March 4th, 2020: The Narrabri Gas Project should not go to the Independent Planning Commission

Based on the NSW Government's failure to comply with safety recommendations, the Narrabri Gas Project is unsafe and should be halted, writes Johanna Evans and Anna Christie.

THE NSW GOVERNMENT has failed to satisfy a raft of recommendations by the NSW Chief Scientist intended to provide a roadmap for the development of a world-class gas industry that is safe and sustainable’. In 2014, 16 recommendations were handed down by then Chief Scientist, Professor Mary O’Kane, which the NSW Government supported in full.

The recommendations included implementing ‘strong and certain regulation’ as well as ensuring mechanisms for data transparency and insurance against long-term environmental damage.

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February 28th, 2020: Unsure on insurance: NSW landholders face future risks should CSG go ahead parliamentary report

The NSW Environmental Protection Agency appears to have abandoned a key coal seam gas risk mitigation measure recommended by the NSW Chief Scientist, placing landholders at future risk should the industry go ahead in the state. 

The EPA has quietly conceded it will not proceed with implementing a long-term environmental rehabilitation fund recommended by the Chief Scientist.

The environmental authority also admitted it was not sure insurance would be available to protect landholders from spills and contamination. 

The concerning revelations follow the EPA’s appearance at a Legislative Council inquiry earlier this month into the long-delayed implementation of the NSW Chief Scientist’s recommendations on coal seam gas.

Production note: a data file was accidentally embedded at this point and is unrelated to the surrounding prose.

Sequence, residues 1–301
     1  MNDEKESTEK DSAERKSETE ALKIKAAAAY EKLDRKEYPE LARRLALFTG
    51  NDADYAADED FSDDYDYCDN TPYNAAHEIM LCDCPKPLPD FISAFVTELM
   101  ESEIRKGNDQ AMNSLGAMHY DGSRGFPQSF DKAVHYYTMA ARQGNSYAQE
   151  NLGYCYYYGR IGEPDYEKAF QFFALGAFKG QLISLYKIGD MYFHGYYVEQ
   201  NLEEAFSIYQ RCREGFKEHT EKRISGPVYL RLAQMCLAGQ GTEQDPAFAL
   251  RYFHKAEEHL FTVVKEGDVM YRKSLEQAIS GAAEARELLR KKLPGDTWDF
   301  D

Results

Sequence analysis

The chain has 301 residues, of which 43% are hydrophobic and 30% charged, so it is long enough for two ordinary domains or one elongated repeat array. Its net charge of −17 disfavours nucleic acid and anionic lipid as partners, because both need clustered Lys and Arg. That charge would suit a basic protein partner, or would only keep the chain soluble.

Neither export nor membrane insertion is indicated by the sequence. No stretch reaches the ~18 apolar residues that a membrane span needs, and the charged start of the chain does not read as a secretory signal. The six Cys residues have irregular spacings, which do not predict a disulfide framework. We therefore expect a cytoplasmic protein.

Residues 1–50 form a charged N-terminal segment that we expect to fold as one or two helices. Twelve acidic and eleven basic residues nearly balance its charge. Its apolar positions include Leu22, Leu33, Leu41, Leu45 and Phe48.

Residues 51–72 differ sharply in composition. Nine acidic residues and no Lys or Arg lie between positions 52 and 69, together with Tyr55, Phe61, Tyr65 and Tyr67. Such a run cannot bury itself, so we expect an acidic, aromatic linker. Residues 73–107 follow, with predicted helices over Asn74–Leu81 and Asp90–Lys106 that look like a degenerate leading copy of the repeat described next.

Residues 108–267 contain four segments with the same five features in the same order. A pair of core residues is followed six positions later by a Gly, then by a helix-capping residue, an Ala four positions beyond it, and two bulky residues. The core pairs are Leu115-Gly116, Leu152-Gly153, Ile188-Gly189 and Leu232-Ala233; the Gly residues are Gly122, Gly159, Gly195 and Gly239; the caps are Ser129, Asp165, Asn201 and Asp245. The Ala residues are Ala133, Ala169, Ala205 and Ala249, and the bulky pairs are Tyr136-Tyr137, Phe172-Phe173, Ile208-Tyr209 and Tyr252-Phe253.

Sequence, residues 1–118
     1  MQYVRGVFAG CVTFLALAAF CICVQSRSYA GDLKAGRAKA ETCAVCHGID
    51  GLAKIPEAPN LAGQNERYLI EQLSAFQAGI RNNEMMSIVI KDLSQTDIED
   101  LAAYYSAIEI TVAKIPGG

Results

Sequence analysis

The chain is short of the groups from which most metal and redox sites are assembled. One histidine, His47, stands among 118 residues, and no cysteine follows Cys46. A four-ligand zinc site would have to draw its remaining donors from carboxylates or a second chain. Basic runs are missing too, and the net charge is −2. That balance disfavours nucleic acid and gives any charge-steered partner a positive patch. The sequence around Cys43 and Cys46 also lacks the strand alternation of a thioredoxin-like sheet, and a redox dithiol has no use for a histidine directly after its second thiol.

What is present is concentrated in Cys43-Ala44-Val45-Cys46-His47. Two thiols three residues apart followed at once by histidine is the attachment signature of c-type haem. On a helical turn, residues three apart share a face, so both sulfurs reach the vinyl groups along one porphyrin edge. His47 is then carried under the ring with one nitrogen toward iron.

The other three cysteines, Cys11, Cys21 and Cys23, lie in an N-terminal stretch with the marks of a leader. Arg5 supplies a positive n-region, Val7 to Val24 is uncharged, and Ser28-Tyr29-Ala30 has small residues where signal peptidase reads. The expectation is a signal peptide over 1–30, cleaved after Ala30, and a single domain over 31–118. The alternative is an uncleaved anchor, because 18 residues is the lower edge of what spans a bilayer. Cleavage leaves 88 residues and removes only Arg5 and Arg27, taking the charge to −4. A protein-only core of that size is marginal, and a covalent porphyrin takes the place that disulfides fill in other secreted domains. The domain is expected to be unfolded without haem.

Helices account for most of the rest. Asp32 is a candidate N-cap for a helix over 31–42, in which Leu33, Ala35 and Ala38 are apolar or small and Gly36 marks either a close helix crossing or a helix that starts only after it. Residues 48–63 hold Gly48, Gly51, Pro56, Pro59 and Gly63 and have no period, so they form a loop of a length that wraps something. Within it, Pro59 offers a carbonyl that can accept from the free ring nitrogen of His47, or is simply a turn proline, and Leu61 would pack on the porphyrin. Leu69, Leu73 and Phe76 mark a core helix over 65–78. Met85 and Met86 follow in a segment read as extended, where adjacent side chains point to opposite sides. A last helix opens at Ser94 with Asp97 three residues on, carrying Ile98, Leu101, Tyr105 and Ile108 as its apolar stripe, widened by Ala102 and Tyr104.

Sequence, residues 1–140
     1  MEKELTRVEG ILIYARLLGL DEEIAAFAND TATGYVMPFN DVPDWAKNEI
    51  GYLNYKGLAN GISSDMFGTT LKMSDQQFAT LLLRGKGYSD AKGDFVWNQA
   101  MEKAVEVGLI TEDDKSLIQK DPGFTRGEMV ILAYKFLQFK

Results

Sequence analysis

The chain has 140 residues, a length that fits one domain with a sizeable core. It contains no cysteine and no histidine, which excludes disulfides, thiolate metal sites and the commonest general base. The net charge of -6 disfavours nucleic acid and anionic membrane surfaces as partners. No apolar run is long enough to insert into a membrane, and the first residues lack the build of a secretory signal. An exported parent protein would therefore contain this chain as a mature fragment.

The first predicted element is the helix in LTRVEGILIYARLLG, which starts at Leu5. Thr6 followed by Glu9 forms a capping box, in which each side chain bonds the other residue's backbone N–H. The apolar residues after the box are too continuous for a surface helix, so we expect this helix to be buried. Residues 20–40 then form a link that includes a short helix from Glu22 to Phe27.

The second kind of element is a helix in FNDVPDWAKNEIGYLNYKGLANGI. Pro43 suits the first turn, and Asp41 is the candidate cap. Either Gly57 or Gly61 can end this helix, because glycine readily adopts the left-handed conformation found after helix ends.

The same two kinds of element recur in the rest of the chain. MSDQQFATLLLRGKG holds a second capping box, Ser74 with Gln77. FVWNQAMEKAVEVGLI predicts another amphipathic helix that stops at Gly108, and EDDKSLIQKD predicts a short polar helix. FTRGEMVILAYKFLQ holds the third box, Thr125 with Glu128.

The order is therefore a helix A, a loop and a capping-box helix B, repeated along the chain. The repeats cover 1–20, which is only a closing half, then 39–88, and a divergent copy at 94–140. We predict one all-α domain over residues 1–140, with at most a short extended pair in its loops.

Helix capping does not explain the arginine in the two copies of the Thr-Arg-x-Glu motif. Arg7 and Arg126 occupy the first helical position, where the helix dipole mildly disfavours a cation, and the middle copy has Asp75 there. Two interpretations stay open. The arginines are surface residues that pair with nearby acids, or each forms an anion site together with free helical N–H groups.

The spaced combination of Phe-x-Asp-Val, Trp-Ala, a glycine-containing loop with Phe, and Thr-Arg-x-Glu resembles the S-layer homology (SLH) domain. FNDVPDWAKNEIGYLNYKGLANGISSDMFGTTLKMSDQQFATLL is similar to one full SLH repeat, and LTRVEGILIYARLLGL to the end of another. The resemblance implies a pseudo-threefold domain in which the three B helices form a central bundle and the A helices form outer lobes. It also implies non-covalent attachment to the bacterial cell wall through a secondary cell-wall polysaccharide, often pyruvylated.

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February 28th, 2020: Methane Emissions Underestimated

The Morrison government and the gas industry claim gas is a transition fuel between coal and renewables but a recent report reveals emissions from gas are much higher than first thought. Although gas is a cleaner burning fuel than coal, the greenhouse gas benefit is cancelled out if methane leakage reaches about 5 per cent.

Both conventional and unconventional gas from coal seams or shale deposits consist mostly of methane. Both gases are called natural gas and are piped together into homes through the gas network. Methane has no smell. The odour we associate with gas is added during processing to keep us safe.
When coal seams are disturbed by gas extraction or coal mining, methane begins escaping into to the atmosphere. Gasfield infrastructure can leak methane from pipelines, wells, vents, processing plants and storage ponds. 
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February 28th 2020: Scathing parliamentary report proof Santos’ Narrabri CSG project must be scrapped